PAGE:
Clark County commissioners on Tuesday tapped former State Gaming Control Board Chairman Mark Lipparelli to fill the state Senate District 6 vacancy created by Mark Hutchison’s election to the lieutenant governor post in November.
The commission’s unanimous decision fills a key swing Republican vote in the Senate’s narrow GOP majority, which will be 11-to-10 seats in the 2015 session that begins in February.
Commissioner Larry Brown, whose district overlaps Senate District 6, said Senate Republican Majority Leader Michael Roberson of Las Vegas recommended Lipparelli. Brown said GOP Gov. Brian Sandoval also “weighed in,” influencing the decision. Sandoval, a former Gaming Commission chairman, appointed Lipparelli chairman of the Gaming Control Board.
Lipparelli did not attend the hearing, but said afterward that he’s looking forward to serving.
“I am honored to be selected and I thank the County Commission,” Lipparelli said in a text message. “It is important for me to visit more with Mark Hutchison to get his perspective on the District. I am going to have to be a good listener over the next 6-8 weeks.”
By law, commissioners were required to appoint a Republican because it’s Hutchison’s party. Hutchison resigned his Senate seat Monday.
Roberson, who orchestrated the GOP takeover of the Senate, said Lipparelli would be a strong Republican addition.
“We are excited to welcome Mark Lipparelli to our caucus and the Nevada State Senate,” Roberson said in a statement. “Senator Lipparelli has a long, distinguished history of service to our great state and we look forward to working with him to continue Nevada’s comeback.”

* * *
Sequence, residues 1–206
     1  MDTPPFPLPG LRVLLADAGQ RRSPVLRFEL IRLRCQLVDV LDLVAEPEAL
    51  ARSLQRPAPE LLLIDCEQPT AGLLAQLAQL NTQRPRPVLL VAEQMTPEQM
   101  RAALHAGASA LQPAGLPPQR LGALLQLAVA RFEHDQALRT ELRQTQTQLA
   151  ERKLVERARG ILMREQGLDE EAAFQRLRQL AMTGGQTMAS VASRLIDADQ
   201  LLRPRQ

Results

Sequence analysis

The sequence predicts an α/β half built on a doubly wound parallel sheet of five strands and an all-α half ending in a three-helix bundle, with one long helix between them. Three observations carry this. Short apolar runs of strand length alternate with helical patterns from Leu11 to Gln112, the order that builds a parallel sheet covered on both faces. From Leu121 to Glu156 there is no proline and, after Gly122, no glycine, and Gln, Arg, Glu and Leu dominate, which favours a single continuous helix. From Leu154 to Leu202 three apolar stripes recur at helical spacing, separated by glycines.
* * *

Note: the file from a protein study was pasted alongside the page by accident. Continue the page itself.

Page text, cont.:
Brown said the commission expedited the process of filling the Senate seat so Lipparelli could participate in training for incoming lawmakers in Carson City.
Some 11 people applied for the post. Brown called them a highly qualified group. He said the applicants included entrepreneurs, civil engineers, public safety officers and veterans, all of whom had extensive records of community service.
“Sometimes we hear, ‘Why don’t more qualified people get involved in state politics?’” Brown said, adding that in this case “many, many of the candidates” were well-qualified for the Nevada Legislature.
Besides talking to Roberson and the governor’s office, Brown said he also met with constituents in the district and read letters about candidates from people living inside and outside the district.
Commissioner Chris Giunchigliani, a former lawmaker with strong Democratic views, said she backed Lipparelli partly because he appears to be a “moderate” Republican. She said Lipparelli couldn’t say if he would seek election to the seat in 2016, when Hutchison’s four-year term is up.
“At least he admitted he was not sure at this point,” Giunchigliani said.
The commissioners said they also would like to move quickly to fill another vacancy after Assemblyman Wesley Duncan, R-Las Vegas, announced last week that he would resign his seat to become Attorney General-elect Adam Laxalt’s top assistant attorney general.
Brown said the application process will be open immediately for Assembly District 37 and the commissioners will take up the matter at their next meeting on Dec. 16.
Review-Journal writer Ben Botkin contributed to this report. Contact Laura Myers at firstname.lastname@example.org or 702-387-2919. Find her on Twitter: @lmyerslvrj.